When it comes to building a professional portfolio and strong résumé, conventional wisdom dictates to stick to one career. But what happens to all those people who, during the recent recession, were forced to take jobs in differing fields just to get by? We’ve read dozens of stories (and, in fact, logged several in our Staffing News of the Day posts) that attest to this trend, and several others that allege these same people are now actively looking to find new positions and get back on their career paths. But have they strayed too far already or, even worse, is any amount of stray a kiss of death for job seekers’ résumés? When we put this dilemma to recruitment professionals and job-seekers (and we’d love to hear your take, too), we were surprised by what we heard.
The More Skills, The Better
One way to look at it – and likely the way most recruiters look at it – is that the more versatile the job-seeker, the easier it is to find them a job opportunity. Not only does it mean they’d have tangible experience in multiple fields, but it also “shows that you’re flexible and willing to learn,” one respondent commented. “This should be embraced!”
If your field is tumultuous (say, like writing), another way to look at is that this would give you a fallback. “So many industries are either saturated, unstable, or too technical,” says Brian Jones, field service technician at Summit Staffing. “Many shift career paths almost as frequently as they change channels. It’s essential to have more than one skill set, just in case the wind blows east tomorrow.”
Or, even better, this could make you look like a steal to a potential employer – like a two-in-one employee. “I believe it only adds to your resume and, if you are in the range an employer is looking for, it makes you better because you can offer the employer a ‘double-threat’ in that you can do one job or switch to your second specialty with no problem,” says freelance programmer and writer Marc Stern, who has done that very thing for decades.
Change Nay-Sayers’ Minds
The mindset of the employer is obviously the main deciding factor. Several people commented that, if the résumé in question is in front of the closed-minded, it’s not going to get very far. However, there’s a lot that a job-seeker or good recruiter can do to spin this.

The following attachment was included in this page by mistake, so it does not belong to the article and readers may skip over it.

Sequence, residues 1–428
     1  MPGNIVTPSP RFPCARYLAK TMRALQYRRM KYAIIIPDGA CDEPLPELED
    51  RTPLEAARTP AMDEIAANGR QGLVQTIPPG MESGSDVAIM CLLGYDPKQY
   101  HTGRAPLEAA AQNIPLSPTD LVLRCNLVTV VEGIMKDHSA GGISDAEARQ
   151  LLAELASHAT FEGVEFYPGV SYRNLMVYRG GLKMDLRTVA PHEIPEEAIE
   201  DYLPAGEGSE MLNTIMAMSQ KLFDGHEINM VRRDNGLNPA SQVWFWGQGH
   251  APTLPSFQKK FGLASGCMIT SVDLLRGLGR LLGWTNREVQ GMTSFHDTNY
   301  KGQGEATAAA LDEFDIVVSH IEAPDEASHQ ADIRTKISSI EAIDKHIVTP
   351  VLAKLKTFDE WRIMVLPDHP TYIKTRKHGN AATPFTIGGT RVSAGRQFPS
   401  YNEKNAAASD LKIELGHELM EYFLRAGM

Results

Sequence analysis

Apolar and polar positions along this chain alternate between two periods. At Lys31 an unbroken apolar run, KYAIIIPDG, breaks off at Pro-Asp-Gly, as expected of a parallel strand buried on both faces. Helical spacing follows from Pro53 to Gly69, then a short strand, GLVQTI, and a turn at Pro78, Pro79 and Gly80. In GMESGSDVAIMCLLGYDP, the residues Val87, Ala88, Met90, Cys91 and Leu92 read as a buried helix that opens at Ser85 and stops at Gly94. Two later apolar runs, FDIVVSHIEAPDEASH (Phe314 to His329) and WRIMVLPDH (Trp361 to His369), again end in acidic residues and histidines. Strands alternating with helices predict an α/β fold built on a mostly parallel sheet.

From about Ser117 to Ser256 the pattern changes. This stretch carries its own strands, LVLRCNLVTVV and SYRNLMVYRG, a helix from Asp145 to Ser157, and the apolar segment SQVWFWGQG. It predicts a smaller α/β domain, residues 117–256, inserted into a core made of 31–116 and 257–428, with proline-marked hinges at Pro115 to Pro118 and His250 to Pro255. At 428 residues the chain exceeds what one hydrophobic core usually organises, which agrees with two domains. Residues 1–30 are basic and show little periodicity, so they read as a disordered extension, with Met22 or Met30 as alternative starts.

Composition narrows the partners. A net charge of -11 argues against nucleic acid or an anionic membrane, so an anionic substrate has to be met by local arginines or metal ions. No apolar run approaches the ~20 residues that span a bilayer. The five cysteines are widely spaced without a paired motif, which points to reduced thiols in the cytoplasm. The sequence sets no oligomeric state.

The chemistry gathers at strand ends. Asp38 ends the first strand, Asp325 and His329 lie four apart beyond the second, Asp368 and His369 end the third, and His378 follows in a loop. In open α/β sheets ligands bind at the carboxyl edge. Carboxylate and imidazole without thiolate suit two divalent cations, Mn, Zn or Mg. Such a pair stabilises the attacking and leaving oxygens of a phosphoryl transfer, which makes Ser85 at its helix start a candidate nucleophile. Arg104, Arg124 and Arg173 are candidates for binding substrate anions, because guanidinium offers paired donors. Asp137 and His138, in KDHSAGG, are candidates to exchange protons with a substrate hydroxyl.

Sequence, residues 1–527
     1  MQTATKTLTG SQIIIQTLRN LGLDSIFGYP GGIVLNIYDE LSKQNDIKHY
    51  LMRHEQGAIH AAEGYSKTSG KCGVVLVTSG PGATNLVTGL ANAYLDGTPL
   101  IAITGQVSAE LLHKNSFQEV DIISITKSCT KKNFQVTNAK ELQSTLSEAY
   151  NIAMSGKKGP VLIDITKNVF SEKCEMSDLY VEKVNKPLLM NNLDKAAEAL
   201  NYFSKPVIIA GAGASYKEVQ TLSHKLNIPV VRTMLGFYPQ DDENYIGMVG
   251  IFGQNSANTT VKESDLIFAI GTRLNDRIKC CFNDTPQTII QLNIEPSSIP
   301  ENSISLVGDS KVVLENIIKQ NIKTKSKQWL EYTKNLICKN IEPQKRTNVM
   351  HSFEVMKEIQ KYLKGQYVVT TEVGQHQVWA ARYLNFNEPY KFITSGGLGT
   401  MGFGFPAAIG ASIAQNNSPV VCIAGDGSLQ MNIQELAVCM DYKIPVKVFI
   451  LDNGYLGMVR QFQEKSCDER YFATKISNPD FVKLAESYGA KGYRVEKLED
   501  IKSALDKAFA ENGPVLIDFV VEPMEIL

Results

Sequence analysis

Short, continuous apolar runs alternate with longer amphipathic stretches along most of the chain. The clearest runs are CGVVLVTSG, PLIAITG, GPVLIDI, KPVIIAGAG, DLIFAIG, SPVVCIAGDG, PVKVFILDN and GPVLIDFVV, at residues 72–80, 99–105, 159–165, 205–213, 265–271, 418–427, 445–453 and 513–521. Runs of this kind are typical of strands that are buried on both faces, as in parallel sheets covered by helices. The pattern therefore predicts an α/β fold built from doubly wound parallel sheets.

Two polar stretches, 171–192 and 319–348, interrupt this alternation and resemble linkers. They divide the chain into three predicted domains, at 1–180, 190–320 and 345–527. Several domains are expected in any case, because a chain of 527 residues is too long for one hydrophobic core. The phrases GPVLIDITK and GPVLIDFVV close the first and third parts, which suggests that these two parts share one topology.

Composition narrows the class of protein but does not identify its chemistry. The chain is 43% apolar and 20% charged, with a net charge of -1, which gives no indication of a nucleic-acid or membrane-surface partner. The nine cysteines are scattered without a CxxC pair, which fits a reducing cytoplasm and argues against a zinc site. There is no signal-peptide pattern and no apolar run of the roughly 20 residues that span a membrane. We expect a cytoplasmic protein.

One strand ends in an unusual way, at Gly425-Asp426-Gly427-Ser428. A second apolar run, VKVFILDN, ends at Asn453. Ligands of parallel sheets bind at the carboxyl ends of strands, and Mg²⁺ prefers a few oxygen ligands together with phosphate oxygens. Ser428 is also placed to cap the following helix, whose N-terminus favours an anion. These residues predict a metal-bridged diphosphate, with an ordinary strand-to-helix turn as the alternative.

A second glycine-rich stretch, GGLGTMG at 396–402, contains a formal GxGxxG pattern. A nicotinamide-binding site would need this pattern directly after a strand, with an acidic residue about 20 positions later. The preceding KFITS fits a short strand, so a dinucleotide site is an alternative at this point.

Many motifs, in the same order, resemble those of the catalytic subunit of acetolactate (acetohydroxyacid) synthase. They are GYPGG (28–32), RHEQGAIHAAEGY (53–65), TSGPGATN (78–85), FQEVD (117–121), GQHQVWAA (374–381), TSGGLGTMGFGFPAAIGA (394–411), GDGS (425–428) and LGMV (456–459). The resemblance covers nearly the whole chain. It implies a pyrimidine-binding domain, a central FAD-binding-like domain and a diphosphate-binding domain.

“Learning a new skill could be a benefit to your original career path,” said Alysha Campbell, recruiting specialist with Quantum Management Services.
Another respondent (with hiring experience in engineering) took this even further, saying that when most companies look for management material they like to see experience in multiple departments and/or disciplines.
“Those kinds of jobs are often referred to as ‘bridge jobs,’ something some of us have to do to pay the bills while we are looking for a job in our field of expertise,” began freelance journalist Kris Antonelli. “I have done it many times and don't include it on my media/journalism resume unless I can spin it to make whatever skills I used at the bridge job apply to a position in my field.”
“If possible, I think one can explain (either in writing or verbally) the advantages of this job and how the current job is or can be interrelated to the current position,” says Laurinda Williams of LWilliams Consulting. “I think it's up to employers, given the current economic situation, to be open-minded.”
It’s About Immediacy, Not Consistency
Brittany Baugh, a staffing associate with Apple One, warns that trying to spin this as a positive might be harder than previously thought.
“Transitioning back into the field they want is harder. The job market is extremely competitive and employers are asking for two years RECENT experience in the field. So an employer may go with an applicant who has spent the last two years in accounting instead of the applicant who has 10 years’ experience in accounting, but spent the last two years in customer service. With technology driving the business world, employers want hot skill sets from talent that drives the business to where they want to be vs. where they have been.”
So What’s the Verdict?
Of all the responses I received to this query, I surprisingly only had one that says a résumé that lists an unrelated job is a cut-and-dry kiss of death. A few others, like Brittany above, say it can be bad, but not always. And even a couple basically said, “Well it’s better than the alternative: listing ‘unemployed’ on your résumé.”
We’ve obviously pared down the responses we received to be a representative sample (and also the best written ones), and anything I take away from them is skewed and might be read by someone else completely differently. That said, the vast majority seem to land somewhere close to the following:
If you can present an unrelated job as a strength, valuable experience, or something that adds to your versatility, a worthwhile employer that thinks you fit the description will at least give you a chance to defend that stance in the interview.